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BT and TalkTalk v Department for Business, Innovation and Skills

BT - "You cannot justify national measures on the optimistic hope that they might just work.".


 **This report is my own view, having spent the day in court.**


On day 2 of the court case at the High Court in London which will determine the legality of the Digital Economy Act, BT tackled the arguments against the DE Act regarding the   dis-proportionality  of the copyright enforcement measures.


BT argued that the measures address only a fraction of the problem which they claim to solve, are based on a flawed calculation of their effectiveness, based on a false set of assumptions. In particular, BT  sought to ‘put a cricket ball through the stump  of the government's cost /benefit analysis'.  Moreover, BT suggested that the government misconstrued  one of its main justifications for the Bill.


BT claims that the government gave out  a misconceived

justification for  the Bill. The court heard how the  Digital Economy Bill was justified by the then Labour government on the basis that it was not possible to identify those people who had infringed copyright more than once, and to distinguish them from one-off downloaders, for the purposes of taking court action. The government had, according to BT, stated this repeatedly in documentation that the Digital Economy Act was required for the specific purpose of identifying ‘repeat infringers'.


BT informed the court that ‘this identified need is illusory'.  There is alternative method which enables ‘repeat infringers' to be identified and for the rights-holders to obtain, via a court process, their identities. This uses the established Norwich Pharmacal procedure, for which an adapted version of the court order has been drawn up. This procedure does more or less the same job as the Digital Economy Act  is designed to do, and does not cost industry or the State any extra money, BT argued.


BT suggested that this evidence cuts a hole in the government's case.  According to BT, the government has not responded on this point.


There is therefore, according to BT, no need for the Digital Economy Act, and indeed, on this basis, the DE Act imposes an unreasonable burden on the ISPs, which they will of course have to pass on to consumers.


BT told the court that it is receiving requests from  rights-holders for as many as 25,000 user details at a time.


BT placed a serious challenge to the government's target of reducing online copyright infringement by 70%. The DE Act primarily addresses P2P file-sharing.  The target fell flat straight away when it was illustrated that only  40% of all alleged infringements are via P2P . Moreover, BT cited the arguments - well known in the user commnity but perhaps less known in the legal community - of how easy it will be for determined users to find alternative methods to download or distributec copyrighted material, and thus render the DE Act measures useless.


BT finished off this line of argument by stating that the government has not challenged this evidence, and that the government appears to be simply hoping that the measures will successs.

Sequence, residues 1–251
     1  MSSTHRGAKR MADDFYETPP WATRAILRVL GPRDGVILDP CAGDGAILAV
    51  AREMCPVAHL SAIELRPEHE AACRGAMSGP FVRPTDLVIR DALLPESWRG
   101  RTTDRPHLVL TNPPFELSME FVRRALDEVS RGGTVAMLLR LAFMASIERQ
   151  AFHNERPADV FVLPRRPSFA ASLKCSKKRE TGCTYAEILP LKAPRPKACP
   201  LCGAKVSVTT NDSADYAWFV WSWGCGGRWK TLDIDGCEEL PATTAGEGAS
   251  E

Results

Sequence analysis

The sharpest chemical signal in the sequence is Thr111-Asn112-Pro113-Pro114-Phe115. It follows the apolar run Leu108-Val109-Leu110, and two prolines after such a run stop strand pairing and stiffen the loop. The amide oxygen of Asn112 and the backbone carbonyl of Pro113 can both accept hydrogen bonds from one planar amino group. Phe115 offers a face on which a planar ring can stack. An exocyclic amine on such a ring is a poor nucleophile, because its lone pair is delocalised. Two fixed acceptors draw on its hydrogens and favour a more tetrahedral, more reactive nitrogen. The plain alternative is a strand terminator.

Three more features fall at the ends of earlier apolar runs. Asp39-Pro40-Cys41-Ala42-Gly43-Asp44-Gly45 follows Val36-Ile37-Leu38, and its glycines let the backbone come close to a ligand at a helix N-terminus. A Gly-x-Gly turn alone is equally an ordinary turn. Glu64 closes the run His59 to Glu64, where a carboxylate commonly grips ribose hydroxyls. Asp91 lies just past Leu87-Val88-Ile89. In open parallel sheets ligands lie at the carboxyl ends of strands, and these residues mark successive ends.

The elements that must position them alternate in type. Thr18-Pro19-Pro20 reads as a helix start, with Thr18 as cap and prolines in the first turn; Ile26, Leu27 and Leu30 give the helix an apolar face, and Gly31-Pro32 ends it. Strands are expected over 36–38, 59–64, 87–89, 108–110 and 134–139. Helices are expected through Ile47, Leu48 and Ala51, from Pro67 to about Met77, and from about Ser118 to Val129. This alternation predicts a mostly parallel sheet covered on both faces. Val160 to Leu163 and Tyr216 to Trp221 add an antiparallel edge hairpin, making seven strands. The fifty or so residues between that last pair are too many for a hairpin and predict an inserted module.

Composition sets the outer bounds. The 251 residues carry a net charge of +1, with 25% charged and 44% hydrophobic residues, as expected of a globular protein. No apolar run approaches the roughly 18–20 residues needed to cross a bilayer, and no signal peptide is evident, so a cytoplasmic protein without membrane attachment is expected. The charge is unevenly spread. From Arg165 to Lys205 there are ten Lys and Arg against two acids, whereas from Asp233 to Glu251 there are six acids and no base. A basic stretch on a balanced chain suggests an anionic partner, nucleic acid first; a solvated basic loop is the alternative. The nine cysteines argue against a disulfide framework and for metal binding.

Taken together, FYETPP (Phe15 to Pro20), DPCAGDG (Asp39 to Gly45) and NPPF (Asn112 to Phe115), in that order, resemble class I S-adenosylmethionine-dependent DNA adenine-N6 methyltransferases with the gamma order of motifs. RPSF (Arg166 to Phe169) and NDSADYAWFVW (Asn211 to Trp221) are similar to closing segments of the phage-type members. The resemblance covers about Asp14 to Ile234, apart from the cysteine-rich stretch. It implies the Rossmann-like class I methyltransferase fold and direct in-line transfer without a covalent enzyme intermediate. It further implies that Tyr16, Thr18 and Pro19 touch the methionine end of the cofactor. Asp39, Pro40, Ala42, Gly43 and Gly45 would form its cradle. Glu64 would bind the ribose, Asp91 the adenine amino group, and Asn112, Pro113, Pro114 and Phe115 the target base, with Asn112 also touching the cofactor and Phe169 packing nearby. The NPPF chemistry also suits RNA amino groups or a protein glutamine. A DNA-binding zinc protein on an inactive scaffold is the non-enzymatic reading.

" You cannot justify legislation which places restrictions on both the right to provide services, and Article 8 of the (ECHR) on that basis. You have to show that it will be proportionate and appropriate" the court was told.


There was quite a long technical discussion on proportionality. The judge several times in the case so far has raised questions about what it is he is being asked to balance. Is it the right to property vs the right to services?


BT  spent some time arguing the ‘chillling effect' of the measures, citing evidence from the Open Rights Group and  a joint submission by consumer Focus and Article 19. BT argued that whilst the government apparently acknowleges the existence of some level of chilling effect, it did not take this into account when assessing the proportionality of the DE Act.


One already gets the feeling already that this one could  be kicked upstairs - either to the Supreme Court or  to the European Court of Justice. The judge commented on a previous case where the presiding judge had declared that it was  impossible to  for a court to make a determination on issues which concerned the balancing of societal ethics.


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The correct attribution for this article is: Monica Horten (2011) Digital Economy Act Judicial Review  Day 1 23 March 2011  

This article is licensed under a Creative Commons Attribution Non-commercial-Share Alike 2.5 UK:England and Wales License. It may be used for non-commercial purposes only, and the author's name should be attributed.

Iptegrity in brief is the website of Dr Monica Horten. I’ve been analysing analysing digital policy since 2008. Way back then, I identified how issues around rights can influence Internet policy, and that has been a thread throughout all of my research. I hold a PhD in EU Communications Policy from the University of Westminster (2010), and a Post-graduate diploma in marketing.   I’ve served as an independent expert on the Council of Europe  Committee on Internet Freedoms, and was involved in a capacity building project in Moldova, Georgia, and Ukraine. I am currently (from June 2022)  Policy Manager - Freedom of Expression, with the Open Rights Group. For more, see About Iptegrity is made available free of charge for  non-commercial use, Please link-back & attribute Monica Horten. Thank you for respecting this.

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